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The First Step in Taking Ownership is to Acknowledge a Mistake or Failure. But When You Do This, Be Careful to Watch Your Language.

“We” Means “You”

 The first step in taking ownership is to acknowledge a mistake or failure. But when you do this, be careful to watch your language. Here are examples of what it often sounds like when a leader attempts to take ownership in front of the team or someone else:

We failed, and we need to fix this.

We didn’t perform well, and we need to do better.

When you express “we” in the negative, the person or persons to whom you are speaking are likely to think: “You mean me.” It sounds like you are casting blame on them. Even if that wasn’t your intention, it is often interpreted that way. So be careful in the language that you use.  

When giving credit to the team for their successes, use “we.” But when taking ownership of a mistake or failure, use “I” and “me” like this:  

I failed to ensure we accomplished our mission, and here is what I’m going to do to fix this going forward.

We didn’t perform well, and that’s my fault. Here is what I will do better next time to ensure we are successful.

Remove the Qualifiers

When taking ownership, be careful to avoid qualifying language. Even when we see how something is actually our fault and what we could have done to prevent a mistake or failure from occurring, when the moment of truth arrives, and we utter the words to other people, our ego often tempts us to sneak in qualifiers, such as:

This is probably my fault.

I’m mostly to blame.

Partial ownership doesn’t work. If you are only taking part of the blame, then you are still blaming someone or something else. And since you can only control yourself, this means you aren’t fully committed to owning the problem and the solution to fixing it. When you don’t fully own the problem and the solution, the problems don’t get solved. So, remove the qualifiers:

This is my fault.

I am to blame.

The difference might seem subtle, but the meaning is radically different. And so are the results. Extreme Ownership requires 100 % ownership.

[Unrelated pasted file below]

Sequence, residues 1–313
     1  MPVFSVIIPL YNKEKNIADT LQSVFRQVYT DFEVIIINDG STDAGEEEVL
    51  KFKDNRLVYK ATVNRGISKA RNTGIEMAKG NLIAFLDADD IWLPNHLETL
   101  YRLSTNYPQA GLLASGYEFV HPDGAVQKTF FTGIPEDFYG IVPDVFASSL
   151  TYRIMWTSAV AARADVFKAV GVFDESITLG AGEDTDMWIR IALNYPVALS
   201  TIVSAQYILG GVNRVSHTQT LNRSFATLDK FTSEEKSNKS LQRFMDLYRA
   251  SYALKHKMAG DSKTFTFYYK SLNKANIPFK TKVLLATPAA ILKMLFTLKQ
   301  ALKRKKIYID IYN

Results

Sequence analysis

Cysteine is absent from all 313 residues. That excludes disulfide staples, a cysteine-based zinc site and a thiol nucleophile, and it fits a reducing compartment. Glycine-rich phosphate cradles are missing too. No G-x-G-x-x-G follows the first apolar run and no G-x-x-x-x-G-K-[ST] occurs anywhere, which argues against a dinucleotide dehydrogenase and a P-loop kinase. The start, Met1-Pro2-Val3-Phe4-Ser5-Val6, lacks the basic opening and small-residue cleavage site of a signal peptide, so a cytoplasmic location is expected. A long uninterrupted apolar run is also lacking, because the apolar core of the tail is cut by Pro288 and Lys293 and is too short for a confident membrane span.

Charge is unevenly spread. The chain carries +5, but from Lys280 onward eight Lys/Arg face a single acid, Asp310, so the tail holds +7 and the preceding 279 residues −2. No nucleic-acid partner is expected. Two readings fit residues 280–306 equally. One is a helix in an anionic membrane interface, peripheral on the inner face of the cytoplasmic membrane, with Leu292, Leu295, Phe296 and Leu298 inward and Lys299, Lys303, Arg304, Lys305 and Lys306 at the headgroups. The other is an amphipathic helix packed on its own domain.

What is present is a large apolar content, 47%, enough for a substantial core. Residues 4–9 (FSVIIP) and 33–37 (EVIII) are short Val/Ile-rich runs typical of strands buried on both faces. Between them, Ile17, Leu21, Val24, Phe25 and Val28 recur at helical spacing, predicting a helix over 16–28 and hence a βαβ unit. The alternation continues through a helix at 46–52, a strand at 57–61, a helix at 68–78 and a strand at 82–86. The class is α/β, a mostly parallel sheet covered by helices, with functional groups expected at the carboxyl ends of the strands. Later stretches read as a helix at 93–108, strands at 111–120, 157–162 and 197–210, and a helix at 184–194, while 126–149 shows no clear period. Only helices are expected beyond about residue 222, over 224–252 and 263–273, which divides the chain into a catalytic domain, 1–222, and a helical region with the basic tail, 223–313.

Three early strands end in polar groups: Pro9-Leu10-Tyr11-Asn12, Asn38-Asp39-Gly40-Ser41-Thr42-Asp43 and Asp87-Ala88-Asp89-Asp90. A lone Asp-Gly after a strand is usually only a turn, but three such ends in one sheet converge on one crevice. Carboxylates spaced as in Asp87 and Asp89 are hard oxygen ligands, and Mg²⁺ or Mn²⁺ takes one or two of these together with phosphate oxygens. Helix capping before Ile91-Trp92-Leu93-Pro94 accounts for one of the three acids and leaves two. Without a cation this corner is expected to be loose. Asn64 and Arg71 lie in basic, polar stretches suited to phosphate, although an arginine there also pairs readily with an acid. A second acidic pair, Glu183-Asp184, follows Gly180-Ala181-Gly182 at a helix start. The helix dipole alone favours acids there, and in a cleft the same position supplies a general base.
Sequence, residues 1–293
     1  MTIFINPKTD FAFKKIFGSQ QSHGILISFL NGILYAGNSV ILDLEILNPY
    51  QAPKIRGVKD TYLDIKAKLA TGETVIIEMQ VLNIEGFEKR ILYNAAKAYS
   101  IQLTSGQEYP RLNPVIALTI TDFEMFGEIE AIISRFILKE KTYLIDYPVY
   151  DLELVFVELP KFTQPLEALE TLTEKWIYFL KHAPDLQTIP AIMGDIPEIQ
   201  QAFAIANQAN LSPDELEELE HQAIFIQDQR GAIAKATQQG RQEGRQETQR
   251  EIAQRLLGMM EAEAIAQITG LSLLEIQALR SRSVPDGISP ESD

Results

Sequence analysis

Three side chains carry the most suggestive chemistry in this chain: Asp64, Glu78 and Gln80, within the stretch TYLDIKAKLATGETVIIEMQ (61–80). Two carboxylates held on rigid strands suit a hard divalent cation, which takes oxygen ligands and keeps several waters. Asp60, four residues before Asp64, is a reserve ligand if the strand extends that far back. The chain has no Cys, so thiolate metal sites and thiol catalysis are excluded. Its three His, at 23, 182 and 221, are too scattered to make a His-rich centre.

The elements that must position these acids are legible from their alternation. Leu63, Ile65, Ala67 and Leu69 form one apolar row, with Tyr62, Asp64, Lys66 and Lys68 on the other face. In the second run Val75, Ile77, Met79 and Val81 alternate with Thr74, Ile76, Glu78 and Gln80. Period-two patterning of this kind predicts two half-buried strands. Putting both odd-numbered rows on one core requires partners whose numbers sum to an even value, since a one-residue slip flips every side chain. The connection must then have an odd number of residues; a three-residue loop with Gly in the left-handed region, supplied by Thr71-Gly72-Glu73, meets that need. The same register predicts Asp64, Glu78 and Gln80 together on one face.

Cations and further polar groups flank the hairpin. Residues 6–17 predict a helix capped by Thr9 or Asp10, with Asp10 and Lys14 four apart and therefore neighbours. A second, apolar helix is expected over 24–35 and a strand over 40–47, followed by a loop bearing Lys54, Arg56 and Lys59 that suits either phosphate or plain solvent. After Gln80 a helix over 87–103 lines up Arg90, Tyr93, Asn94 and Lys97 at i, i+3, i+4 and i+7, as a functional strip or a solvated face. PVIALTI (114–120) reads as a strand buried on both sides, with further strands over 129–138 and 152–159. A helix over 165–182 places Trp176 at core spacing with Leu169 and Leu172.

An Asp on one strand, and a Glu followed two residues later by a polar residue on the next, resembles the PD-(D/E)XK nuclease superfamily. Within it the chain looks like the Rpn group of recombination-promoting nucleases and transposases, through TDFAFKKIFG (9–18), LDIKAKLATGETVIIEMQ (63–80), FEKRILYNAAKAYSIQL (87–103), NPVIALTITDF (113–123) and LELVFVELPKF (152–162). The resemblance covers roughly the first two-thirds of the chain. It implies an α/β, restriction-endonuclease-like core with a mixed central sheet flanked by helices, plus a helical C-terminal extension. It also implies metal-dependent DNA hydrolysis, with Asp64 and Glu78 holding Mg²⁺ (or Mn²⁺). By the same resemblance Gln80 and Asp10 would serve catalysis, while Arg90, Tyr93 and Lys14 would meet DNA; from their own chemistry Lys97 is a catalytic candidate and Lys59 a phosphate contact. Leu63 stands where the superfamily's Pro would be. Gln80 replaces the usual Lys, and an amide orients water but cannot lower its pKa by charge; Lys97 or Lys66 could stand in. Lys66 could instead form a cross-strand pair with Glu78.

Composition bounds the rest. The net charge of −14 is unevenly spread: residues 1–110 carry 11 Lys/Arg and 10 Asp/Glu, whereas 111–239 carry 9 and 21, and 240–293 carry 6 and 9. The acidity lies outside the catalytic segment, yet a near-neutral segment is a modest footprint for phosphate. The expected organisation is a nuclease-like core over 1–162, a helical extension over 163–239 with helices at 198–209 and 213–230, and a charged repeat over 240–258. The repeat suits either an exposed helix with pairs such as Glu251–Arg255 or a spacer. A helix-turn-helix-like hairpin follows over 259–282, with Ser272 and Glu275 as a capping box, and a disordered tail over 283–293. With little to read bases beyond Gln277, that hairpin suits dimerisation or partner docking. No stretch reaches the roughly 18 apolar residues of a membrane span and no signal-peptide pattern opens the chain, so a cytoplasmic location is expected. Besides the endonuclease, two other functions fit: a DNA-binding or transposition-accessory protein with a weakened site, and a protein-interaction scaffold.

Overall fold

So, watch your language, take total ownership of mistakes and failures, and get those problems solved.  

Real-World Example:  

There are probably some things I could have done better, the leader said.  

This was a leadership role-play exercise during a workshop with a client company’s core leadership team. I listened as Echelon Front’s Chief Operating Officer, Jamie Cochran, gave a presentation on self-assessment and assigned the group an exercise we call the Balance Assessment. Each leader was required to conduct an honest, realistic evaluation of themselves to determine where they needed to improve. Afterward, Jamie and I listened in on the small group debriefs and selected participants for a role-play exercise in front of the entire group.

As the leader concluded his first attempt at taking ownership during the role-play exercise, Jamie asked the rest of the team for their feedback.  

“How did he do?” she asked. “Did he take ownership?”

“Yes,” some said.  

“Kind of,” one person responded.

“You said, ‘There are probably some things I could have done better,’” Jamie quoted back to the leader. “Does that sound like Extreme Ownership?”  

The leader shook his head, “No.”  

“It’s much easier to take ownership when privately thinking through the issue,” Jamie said. “But when it comes time to say the words, our ego often forces us to add qualifiers like ‘probably,’ or ‘mostly.’ But that is just shifting the blame to others. If you want to solve the problem, then you have to accept that this is 100% your fault. Let’s try that again.”  

With that, the leader launched into the second round of leadership role play.  

“This is 100% my fault, and these are the things I am going to do to fix the problem going forward,” the leader said.  

It was now clear to everyone in the room that he was taking total ownership of the problem and would implement a solution to get it fixed.

For Action:  

This week, conduct a leadership role-play exercise to practice using the proper language of Extreme Ownership.  Identify a real problem or mistake that occurred and determine where you can take ownership of it. Find a trusted ally at work or home and have them play the part of an individual who was impacted and to whom you need to speak in order to take ownership. Role-play the situation and practice having a conversation with them, taking ownership of the problem, and providing a solution. Next, debrief the exercise and determine where you can improve. Then, role-play it again. Try to get two to three iterations in and track your improvement.  Then, go and take ownership of the problem, have the conversation in real life, and get the problem solved.

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